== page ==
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German Army Mountain Warfare
World War II Mountain War
209 pages; 16 chapters and 1 appendix
During World War II, the German Army created more than eleven divisions of
mountain warfare troops. These elite units were trained to fight in the mountains
and rough terrain. They also proved lethal on flat terrain, and even in urban combat.
This report, written by the German Army in World War II, and edited by
QuikManuevers to make it more relevant to modern conditions, is a guidebook for
In Afghanistan, the US Army could have benefited from a unit trained, organized, and
equipped like a German mountain division. Instead, the 10th mountain division
of the US Army was formed, and given absolutely no training in mountain warfare.
The Germans knew how to fight in the mountains, and the combat leaders of German
mountain units were skilled in tactics both at the divisional and lower levels. German
Army Mountain Warfare describes how mountain war was fought in World War
II. Yet, the military art displayed in World War II is just as useful today.
German Army Mountain Warfare is thus a dual book. On one hand it describes the
German Army’s approach to mountain warfare in World War II, and on the other
hand it provides guidance for those who would like to learn how to fight in modern
“The Germans hold that the basic tactics of warfare in mountains are the same as in the flat, but that the application of
the principles must be modified to fit the high and rugged terrain. In mountainous terrain the movement of troops and the
employment of heavy equipment are limited, and deployment is restricted to such an extent that only comparatively small
forces can operate. Soldiers must be prepared to advance over narrow roads, tortuous paths, trackless terrain, steep and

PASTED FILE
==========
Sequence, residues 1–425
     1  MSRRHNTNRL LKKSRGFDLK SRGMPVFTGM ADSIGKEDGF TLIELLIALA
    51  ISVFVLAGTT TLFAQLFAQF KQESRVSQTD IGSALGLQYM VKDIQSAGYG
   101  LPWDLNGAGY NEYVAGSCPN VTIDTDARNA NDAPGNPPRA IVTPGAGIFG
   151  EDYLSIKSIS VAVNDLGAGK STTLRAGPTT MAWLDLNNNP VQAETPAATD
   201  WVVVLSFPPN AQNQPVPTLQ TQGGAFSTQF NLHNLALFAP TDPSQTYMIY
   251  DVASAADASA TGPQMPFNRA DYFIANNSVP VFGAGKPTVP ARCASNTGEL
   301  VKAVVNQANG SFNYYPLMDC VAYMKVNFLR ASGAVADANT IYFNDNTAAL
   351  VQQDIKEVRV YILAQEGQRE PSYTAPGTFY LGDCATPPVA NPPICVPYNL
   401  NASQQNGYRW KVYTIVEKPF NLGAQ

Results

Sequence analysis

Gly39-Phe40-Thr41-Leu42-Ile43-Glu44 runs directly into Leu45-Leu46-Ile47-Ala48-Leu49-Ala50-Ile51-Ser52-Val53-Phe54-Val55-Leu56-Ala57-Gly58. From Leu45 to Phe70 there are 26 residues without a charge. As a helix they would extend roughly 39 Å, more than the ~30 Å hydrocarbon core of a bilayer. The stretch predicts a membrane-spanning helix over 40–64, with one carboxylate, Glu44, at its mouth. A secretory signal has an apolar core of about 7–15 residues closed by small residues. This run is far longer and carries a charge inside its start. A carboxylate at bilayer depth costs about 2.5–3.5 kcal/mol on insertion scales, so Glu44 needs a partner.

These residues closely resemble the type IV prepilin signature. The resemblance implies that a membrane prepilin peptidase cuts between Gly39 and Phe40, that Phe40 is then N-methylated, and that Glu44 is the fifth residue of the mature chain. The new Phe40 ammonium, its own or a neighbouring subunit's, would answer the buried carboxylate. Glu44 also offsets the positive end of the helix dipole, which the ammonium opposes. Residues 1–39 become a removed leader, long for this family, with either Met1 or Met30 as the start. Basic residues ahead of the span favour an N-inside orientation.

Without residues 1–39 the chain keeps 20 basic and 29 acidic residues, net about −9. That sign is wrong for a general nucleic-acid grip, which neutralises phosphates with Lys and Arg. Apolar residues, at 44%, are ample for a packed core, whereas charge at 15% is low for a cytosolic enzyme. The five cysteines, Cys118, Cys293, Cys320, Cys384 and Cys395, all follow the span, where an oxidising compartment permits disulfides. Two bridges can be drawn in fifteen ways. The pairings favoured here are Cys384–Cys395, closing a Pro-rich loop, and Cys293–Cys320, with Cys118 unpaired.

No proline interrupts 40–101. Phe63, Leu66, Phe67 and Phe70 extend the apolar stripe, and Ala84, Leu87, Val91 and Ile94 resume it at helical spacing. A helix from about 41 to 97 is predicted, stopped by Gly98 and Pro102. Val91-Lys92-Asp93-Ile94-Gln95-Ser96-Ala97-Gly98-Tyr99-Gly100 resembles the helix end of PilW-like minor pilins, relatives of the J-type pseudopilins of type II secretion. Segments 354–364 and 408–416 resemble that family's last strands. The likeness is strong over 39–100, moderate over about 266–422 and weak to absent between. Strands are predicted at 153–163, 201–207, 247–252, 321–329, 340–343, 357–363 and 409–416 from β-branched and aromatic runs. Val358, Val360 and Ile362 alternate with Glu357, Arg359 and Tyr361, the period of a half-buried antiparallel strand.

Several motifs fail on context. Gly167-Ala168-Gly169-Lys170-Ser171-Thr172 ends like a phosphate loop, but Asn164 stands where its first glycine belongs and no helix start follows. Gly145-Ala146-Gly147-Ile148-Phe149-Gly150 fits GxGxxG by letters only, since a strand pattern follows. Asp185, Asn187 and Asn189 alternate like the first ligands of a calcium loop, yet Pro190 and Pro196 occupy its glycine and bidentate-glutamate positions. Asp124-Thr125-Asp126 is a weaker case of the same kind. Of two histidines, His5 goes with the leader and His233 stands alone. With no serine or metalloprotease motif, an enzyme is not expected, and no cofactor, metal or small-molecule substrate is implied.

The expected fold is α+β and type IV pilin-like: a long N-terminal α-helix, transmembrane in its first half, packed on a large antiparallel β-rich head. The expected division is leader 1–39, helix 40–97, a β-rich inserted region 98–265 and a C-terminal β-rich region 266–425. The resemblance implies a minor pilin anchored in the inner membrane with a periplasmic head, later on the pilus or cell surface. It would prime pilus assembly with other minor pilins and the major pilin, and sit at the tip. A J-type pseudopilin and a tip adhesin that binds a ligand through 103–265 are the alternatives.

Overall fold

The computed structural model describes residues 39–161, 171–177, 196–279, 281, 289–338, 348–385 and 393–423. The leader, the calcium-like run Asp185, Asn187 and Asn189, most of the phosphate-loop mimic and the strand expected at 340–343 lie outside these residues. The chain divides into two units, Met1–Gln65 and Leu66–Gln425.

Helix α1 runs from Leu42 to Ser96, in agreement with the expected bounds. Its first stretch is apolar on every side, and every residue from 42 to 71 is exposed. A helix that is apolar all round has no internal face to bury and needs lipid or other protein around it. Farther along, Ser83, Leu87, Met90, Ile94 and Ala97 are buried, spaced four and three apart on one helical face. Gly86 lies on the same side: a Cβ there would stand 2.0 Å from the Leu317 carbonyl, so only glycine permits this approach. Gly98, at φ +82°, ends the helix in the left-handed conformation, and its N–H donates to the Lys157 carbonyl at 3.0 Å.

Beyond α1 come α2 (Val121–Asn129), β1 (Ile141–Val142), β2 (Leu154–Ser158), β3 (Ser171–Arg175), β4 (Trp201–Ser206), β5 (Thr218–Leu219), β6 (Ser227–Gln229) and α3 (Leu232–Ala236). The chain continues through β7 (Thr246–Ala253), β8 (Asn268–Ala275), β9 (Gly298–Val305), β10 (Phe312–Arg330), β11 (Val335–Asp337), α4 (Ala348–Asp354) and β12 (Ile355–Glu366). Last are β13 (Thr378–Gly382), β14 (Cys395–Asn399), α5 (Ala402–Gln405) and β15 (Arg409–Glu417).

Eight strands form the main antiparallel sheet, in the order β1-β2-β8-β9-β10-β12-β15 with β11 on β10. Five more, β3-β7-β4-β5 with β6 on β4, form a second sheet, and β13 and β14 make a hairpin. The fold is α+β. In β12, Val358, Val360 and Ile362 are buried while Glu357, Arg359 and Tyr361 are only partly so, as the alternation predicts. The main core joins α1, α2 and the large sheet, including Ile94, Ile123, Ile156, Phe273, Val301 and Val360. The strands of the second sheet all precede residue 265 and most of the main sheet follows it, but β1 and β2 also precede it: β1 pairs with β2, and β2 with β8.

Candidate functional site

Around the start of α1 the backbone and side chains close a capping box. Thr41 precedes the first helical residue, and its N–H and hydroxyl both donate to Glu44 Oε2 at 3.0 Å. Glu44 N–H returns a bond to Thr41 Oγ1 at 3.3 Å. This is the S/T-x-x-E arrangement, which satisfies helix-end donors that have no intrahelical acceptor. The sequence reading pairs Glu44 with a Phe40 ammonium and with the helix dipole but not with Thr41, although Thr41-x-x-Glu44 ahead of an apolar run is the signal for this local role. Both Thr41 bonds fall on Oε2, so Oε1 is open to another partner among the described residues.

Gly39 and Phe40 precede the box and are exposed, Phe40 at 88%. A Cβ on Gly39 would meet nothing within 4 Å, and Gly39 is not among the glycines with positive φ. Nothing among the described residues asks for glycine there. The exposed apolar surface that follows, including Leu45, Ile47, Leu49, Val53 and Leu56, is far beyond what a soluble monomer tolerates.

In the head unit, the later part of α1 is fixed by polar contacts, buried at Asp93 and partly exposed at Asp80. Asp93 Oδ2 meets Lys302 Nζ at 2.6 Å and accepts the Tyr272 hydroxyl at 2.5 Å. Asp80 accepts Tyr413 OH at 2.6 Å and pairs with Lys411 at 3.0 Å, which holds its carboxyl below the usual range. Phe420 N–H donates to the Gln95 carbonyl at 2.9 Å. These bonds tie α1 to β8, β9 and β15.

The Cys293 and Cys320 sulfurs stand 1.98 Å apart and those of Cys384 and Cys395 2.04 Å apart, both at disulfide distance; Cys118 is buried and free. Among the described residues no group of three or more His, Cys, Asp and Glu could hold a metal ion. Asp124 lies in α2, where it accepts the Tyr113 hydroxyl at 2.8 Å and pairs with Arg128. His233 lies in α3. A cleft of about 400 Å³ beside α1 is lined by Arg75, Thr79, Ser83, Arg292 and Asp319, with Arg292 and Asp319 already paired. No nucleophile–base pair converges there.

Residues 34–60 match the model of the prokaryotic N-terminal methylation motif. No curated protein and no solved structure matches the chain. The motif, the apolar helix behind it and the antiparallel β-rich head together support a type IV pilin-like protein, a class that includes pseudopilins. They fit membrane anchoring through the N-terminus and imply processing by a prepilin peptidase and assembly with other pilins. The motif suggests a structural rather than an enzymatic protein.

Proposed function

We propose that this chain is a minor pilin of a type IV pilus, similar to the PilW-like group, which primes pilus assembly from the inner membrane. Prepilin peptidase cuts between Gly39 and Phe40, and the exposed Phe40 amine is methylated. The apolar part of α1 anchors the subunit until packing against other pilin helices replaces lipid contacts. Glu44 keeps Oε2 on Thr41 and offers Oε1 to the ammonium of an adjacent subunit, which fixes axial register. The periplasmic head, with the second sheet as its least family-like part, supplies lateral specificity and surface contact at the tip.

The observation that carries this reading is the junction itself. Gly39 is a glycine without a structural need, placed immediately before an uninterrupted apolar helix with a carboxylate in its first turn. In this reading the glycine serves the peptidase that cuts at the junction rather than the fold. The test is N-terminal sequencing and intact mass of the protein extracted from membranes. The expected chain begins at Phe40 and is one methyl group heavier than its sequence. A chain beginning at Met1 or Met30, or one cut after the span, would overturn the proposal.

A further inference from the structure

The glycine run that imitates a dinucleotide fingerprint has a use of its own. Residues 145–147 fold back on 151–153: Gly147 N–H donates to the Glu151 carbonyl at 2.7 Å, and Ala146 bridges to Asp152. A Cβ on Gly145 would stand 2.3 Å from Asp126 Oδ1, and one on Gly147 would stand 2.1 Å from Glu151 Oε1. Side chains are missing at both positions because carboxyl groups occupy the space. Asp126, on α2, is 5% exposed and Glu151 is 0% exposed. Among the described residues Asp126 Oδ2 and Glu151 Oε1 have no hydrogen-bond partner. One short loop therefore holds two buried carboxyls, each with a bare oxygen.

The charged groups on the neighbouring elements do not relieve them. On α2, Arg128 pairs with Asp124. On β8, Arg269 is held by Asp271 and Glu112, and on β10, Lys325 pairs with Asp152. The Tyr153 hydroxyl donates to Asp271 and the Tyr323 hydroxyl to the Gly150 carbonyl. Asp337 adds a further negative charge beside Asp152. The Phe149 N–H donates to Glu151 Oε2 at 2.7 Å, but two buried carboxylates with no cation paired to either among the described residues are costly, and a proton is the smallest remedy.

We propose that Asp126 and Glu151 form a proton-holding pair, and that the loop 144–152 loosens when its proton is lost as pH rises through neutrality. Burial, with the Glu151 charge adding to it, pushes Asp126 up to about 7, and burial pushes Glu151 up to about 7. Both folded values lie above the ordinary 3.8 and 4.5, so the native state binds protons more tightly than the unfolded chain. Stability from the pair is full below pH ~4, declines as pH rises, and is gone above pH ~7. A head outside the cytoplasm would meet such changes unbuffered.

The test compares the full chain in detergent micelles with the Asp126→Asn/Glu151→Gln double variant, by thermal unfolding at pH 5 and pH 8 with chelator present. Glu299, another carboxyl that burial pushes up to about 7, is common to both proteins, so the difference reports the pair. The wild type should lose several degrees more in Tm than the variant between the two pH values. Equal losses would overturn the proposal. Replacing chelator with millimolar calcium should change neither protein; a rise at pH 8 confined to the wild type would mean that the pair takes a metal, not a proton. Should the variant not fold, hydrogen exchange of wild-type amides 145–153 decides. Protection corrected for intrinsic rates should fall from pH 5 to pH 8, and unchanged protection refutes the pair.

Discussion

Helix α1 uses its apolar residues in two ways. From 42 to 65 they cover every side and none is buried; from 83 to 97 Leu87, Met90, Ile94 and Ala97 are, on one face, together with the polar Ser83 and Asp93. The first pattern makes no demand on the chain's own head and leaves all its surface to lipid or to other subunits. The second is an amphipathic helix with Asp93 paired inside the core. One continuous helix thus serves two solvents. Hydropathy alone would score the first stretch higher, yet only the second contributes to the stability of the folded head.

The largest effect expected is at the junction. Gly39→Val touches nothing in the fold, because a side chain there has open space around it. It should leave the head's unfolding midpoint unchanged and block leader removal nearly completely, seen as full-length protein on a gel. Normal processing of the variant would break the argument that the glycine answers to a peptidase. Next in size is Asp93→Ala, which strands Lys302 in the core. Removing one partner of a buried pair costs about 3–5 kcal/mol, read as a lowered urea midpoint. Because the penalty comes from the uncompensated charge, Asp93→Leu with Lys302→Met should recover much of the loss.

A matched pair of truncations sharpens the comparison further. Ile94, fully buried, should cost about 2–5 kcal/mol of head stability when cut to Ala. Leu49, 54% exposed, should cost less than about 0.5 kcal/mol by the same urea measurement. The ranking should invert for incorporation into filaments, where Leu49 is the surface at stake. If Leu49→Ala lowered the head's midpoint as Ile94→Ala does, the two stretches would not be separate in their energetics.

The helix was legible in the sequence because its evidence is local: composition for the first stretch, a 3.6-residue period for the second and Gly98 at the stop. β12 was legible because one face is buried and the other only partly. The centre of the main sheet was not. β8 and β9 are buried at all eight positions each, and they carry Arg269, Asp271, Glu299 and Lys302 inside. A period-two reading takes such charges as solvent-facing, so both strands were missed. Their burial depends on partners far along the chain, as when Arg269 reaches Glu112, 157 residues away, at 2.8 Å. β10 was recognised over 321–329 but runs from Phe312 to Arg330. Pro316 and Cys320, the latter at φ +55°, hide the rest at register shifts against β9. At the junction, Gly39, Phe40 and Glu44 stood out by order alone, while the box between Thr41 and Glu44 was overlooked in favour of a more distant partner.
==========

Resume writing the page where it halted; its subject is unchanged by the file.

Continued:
slippery slopes, ravines, precipices, and glaciers. Movement frequently is threatened by avalanches, rockfalls, landslides,
and cornice fractures. Besides these special terrain factors, the weather also exerts a great influence on mountain
fighting. Meteorological phenomena, such as burning sun, heavy rain, and blinding snow coupled with intense cold, may
occur in swift sequences.
In mountains, the Germans believe, the infantry-artillery team retains the ascendancy which on other fields of battle it
yields in part to armor and air power. Relatively unimportant roles are played in mountain warfare by the tank and the
airplane. The employment of heavy infantry weapons and artillery is hampered by their bulk and weight, by the
considerable dead space, and by the difficulties of observation due to weather and intervening terrain features. It is the
infantry, above all, that must bear the brunt of the battle. Consequently, the Germans stress the principle that the
importance of shock action and close combat increases as the efficiency of other methods of fighting decreases, and that
in some respects mountain fighting resembles guerrilla warfare.”
Excerpt from German Army Mountain Warfare
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